Are these ‘over time’? (II) (iv)a typical audit or consultancy project contract, (v)a contract to build a customised satellite for a government, with continuous right to payment for work done, (vi)a contract to build a customised boat in the supplier’s boatyard, with stage payments but 40% of price waiting until delivery.
Costs Contract costs are those incremental to obtaining the contract and directly related to fulfilling the contract They are an asset if recoverable Immediate expensing allowed for contracts of one year or less Add to another asset (e.g. inventory or PPE) or create a contract asset Amortise as goods are transferred
Examples of contract costs? Taking customers out to lunch? Sales commissions? Administrative costs?
Receivables etc ‘Receivable’ if amounts are due from customer ‘Contract asset’ if goods/services are transferred (performance obligations achieved) before cash or receivable ‘Contract liability’ if there is cash or receivable before transfer; or if there is a refund liability (cash received but refund expected)
Transition Periods beginning on or after , but earlier application allowed Retrospective application (e.g. for 2017 application): –either fully, with cumulative effect recognised as at for those presenting two years –or only to contracts incomplete at , with cumulative effect as at
IV Financial instruments
IFRS 9 Revised in 2014 Includes new rules on impairments of receivables (bad debt provisions): “expected credit losses” IFRS 9 in force for years beginning on or after
Expected credit losses (I) Move away from the present “incurred loss model” Expected credit losses recognised from start (yield then includes a return to cover those losses) Lifetime expected credit losses (LECL) recognised when credit quality is worse than at start Trade receivables and lease receivables must use LECL method throughout
Expected credit losses (II) At start, recognise credit losses expected in next 12 months (interest revenue calculated on gross asset) When credit quality deteriorates significantly to below investment grade (or payments are 30+ days overdue), recognise lifetime expected credit losses (interest revenue still on gross asset) When credit loss occurs, start calculating interest revenue on net carrying amount (amortised cost)
Expected credit losses (III) LECL is a DCF measure of weighted average of probabilities of default 12-month expected credit losses are amount of the LECL associated with probability of default in next 12 months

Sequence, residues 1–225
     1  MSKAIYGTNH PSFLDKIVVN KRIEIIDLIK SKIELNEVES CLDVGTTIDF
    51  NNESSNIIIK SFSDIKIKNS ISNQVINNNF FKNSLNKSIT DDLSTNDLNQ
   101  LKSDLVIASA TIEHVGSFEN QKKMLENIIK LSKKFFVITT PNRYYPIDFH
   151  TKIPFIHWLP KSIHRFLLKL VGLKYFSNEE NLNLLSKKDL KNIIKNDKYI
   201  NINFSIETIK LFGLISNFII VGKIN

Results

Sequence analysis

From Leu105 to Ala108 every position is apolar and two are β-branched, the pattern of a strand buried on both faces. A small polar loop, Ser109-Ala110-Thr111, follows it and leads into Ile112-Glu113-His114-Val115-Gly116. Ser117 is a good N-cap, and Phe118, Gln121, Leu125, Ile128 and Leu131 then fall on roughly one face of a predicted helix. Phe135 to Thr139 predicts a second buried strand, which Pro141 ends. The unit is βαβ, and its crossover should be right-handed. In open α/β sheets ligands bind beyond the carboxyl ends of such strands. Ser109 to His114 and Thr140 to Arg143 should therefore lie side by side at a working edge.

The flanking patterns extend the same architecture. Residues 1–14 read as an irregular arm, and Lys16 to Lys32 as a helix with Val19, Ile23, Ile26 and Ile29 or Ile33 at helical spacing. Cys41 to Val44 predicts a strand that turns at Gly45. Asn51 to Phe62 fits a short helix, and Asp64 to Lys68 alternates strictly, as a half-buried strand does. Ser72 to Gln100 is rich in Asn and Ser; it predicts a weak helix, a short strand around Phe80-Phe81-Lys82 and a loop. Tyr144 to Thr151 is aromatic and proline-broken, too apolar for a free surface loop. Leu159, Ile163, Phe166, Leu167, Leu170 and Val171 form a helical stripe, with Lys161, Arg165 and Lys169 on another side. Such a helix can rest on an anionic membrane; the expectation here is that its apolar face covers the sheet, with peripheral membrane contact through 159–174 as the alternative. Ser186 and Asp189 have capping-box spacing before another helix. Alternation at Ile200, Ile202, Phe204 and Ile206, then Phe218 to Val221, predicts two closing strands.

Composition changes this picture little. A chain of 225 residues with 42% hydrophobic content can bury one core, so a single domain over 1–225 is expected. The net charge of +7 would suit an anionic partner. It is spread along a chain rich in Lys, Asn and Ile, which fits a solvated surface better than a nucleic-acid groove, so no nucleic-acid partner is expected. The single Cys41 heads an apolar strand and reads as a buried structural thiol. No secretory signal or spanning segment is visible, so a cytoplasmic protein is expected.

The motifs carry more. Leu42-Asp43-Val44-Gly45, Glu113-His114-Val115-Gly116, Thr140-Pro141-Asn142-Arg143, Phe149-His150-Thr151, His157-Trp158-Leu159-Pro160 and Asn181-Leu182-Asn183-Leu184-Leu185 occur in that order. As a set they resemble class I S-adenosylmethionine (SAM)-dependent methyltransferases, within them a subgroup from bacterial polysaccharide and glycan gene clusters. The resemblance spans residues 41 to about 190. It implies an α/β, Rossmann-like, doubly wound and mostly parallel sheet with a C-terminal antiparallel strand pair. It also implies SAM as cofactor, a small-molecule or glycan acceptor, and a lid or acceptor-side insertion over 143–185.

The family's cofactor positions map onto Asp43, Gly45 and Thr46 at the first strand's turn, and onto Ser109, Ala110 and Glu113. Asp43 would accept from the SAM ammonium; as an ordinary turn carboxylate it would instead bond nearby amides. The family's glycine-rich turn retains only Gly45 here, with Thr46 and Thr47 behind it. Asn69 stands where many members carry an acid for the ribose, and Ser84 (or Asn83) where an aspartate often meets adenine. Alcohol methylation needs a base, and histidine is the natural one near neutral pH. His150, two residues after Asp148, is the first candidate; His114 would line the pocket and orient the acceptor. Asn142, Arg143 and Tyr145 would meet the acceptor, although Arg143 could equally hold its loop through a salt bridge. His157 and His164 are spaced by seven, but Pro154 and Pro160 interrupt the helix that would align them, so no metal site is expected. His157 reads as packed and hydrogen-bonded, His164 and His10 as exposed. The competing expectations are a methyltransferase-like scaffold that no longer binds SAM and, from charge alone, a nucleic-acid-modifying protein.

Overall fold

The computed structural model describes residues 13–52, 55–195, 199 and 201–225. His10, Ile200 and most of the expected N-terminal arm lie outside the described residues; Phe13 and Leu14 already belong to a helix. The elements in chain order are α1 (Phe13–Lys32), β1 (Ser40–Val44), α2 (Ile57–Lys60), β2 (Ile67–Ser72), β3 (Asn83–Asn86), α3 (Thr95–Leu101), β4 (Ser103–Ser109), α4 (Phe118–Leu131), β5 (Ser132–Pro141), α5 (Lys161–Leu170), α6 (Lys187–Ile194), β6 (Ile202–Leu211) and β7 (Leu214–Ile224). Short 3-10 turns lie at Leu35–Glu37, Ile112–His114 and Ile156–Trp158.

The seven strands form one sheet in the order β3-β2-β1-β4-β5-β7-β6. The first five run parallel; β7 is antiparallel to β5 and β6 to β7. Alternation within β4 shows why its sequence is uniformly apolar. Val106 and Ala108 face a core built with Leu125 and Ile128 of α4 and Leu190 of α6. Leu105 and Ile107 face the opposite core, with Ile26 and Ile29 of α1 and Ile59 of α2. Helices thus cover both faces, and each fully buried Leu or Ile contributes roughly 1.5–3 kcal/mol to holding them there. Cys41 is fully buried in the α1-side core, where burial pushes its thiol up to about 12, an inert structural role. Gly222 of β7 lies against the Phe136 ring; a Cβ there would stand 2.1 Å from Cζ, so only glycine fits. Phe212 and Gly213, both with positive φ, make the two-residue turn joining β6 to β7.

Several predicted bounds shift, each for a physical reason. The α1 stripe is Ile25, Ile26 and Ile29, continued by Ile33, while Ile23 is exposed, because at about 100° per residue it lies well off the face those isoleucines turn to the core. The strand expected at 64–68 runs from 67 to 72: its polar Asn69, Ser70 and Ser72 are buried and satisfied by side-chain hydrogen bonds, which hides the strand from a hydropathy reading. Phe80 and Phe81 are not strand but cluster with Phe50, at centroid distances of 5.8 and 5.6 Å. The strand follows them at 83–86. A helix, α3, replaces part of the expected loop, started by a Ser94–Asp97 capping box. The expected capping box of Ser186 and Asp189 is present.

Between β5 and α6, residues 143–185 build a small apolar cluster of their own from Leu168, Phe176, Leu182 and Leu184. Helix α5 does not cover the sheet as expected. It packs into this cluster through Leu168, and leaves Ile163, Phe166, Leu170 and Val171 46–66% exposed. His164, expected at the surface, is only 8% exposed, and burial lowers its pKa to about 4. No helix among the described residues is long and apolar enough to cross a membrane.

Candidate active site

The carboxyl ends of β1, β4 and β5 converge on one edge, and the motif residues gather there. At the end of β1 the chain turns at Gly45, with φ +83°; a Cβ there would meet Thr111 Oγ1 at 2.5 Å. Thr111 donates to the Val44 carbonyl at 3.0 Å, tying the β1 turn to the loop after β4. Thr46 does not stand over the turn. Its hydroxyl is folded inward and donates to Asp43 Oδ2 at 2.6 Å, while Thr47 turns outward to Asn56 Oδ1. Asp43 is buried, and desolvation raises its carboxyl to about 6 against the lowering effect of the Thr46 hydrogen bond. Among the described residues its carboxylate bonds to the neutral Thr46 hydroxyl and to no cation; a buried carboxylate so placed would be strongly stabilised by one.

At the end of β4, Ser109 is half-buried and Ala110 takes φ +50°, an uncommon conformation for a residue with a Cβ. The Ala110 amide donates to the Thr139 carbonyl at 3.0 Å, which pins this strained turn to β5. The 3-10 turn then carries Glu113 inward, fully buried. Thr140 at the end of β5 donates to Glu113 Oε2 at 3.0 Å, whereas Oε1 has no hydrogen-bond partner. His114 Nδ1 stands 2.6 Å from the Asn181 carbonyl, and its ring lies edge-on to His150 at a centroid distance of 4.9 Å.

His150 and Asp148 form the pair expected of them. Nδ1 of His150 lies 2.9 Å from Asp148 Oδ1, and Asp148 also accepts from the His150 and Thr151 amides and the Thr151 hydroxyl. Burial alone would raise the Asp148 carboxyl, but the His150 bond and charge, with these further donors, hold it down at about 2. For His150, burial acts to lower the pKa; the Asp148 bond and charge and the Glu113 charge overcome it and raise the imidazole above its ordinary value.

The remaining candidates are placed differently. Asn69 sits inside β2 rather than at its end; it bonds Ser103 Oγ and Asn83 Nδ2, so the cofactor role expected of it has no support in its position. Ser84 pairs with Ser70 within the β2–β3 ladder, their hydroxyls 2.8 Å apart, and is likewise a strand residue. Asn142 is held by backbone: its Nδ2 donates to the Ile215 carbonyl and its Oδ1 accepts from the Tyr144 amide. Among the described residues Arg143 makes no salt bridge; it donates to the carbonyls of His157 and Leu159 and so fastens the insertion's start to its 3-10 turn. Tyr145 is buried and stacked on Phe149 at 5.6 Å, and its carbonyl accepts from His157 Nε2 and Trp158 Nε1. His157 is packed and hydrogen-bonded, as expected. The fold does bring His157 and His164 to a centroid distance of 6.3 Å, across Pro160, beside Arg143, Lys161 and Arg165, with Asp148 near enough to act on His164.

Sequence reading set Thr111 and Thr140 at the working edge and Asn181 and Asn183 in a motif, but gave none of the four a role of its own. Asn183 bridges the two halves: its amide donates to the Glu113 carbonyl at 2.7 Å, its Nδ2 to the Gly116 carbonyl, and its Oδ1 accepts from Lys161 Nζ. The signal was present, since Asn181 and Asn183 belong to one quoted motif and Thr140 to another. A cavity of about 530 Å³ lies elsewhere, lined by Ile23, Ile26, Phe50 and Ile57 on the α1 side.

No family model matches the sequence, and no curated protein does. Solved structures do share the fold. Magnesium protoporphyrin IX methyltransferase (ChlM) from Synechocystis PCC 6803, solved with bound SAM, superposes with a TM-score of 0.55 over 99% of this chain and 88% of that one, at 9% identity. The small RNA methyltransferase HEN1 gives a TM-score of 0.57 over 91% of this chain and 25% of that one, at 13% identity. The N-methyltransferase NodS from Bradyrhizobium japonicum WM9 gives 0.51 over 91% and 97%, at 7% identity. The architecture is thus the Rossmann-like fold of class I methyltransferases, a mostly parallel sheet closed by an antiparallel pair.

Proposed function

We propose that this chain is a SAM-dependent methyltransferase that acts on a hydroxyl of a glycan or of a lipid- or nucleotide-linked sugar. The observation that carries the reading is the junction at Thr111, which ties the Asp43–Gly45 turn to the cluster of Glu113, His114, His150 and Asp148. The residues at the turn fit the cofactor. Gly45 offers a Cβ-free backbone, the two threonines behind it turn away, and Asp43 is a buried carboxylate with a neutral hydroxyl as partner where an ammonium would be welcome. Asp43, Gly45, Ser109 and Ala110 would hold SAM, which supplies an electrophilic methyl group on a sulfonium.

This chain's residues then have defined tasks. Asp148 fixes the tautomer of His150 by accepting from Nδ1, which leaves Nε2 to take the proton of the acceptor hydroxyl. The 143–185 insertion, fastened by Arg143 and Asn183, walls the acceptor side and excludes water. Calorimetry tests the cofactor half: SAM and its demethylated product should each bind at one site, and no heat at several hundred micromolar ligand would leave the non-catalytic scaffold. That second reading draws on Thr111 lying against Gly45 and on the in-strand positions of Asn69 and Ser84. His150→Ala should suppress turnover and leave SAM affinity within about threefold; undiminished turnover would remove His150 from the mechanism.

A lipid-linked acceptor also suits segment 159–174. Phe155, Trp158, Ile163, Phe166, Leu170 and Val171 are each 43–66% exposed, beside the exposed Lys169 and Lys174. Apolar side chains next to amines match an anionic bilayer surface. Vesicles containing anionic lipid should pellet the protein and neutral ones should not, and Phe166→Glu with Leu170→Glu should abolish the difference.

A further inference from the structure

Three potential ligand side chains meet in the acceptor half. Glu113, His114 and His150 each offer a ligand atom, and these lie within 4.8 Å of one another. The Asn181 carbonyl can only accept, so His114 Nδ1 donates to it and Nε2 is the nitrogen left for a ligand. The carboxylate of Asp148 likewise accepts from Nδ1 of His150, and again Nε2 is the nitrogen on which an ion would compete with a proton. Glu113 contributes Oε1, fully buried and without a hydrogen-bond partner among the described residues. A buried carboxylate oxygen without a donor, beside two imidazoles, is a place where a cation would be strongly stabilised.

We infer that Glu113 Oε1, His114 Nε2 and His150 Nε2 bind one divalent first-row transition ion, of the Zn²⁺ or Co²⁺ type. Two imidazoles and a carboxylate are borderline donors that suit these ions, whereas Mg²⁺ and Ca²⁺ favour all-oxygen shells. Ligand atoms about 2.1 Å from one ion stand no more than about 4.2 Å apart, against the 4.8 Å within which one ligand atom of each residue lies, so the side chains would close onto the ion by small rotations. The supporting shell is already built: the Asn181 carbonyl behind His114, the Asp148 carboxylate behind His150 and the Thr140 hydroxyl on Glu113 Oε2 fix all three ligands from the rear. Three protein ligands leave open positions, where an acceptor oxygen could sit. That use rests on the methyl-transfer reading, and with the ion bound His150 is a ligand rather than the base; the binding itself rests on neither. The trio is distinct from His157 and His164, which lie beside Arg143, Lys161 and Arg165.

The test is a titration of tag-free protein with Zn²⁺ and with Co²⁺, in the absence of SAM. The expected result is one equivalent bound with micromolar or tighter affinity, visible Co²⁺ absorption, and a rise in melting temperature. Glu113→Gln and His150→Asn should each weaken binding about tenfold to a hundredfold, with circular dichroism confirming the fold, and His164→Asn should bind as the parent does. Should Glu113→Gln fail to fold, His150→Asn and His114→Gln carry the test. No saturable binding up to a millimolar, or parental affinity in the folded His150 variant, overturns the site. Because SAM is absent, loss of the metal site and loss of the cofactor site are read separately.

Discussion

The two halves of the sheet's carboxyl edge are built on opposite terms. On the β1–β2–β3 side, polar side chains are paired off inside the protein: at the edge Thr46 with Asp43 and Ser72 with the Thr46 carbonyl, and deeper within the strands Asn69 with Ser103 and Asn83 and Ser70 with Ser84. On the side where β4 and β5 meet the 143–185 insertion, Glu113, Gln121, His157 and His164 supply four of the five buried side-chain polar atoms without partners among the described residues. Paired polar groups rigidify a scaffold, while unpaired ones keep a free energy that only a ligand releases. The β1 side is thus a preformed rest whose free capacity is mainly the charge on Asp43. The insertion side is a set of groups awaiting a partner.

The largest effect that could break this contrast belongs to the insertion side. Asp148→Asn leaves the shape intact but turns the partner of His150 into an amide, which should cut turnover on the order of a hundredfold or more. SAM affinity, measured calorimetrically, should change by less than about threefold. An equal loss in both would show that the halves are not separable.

Summary IAS 17 issued in 1982; not much changed since then DP of 2009 and ED of 2010; all leases to be treated as finance leases ED of 2013: all leases capitalised by lessee, but Type B leases (property) to be treated like rentals in the income statement ‘Project Update’ of August 2014: lessee treats leases like finance leases, but lessor uses operating/finance split New standard expected in 2015
Lessee In the balance sheet, leases are treated as finance leases, except for: – option to treat leases of 12 months or less as rentals – (probably) small assets, e.g. laptops It is not a lease if the supplier can substitute the asset or if only a capacity proportion is obtained Measure asset and liability at DCF of lease payments Exclude variable lease payments, and most optional payments Add direct costs to the asset
Lessor Unchanged from IAS 17: operating leases on balance sheet; finance leases as receivables
Session VI Practical Questions on Accounting for Liabilities under IFRS
L.1On 1 January 2013, ABC awards its employees a cash bonus based on the company’s performance in % is to be paid at the end of February 2014 and the rest at the end of 2014, as long as the employees are still working for the company at each point. How should the bonus expense be recognised? L.2ABC acquired 100% of the shares in DEF from XYZ for CHF100m in cash. At the time of acquisition, DEF is the plaintiff in a court case in which a set of DEF’s customers allege that its products are faulty, and are suing DEF for damages of CHF30m. The litigation is thought to be 60% likely to succeed. XYZ has indemnified ABC for losses up to CHF20m. How should DEF and ABC account for all this in their unconsolidated balance sheets?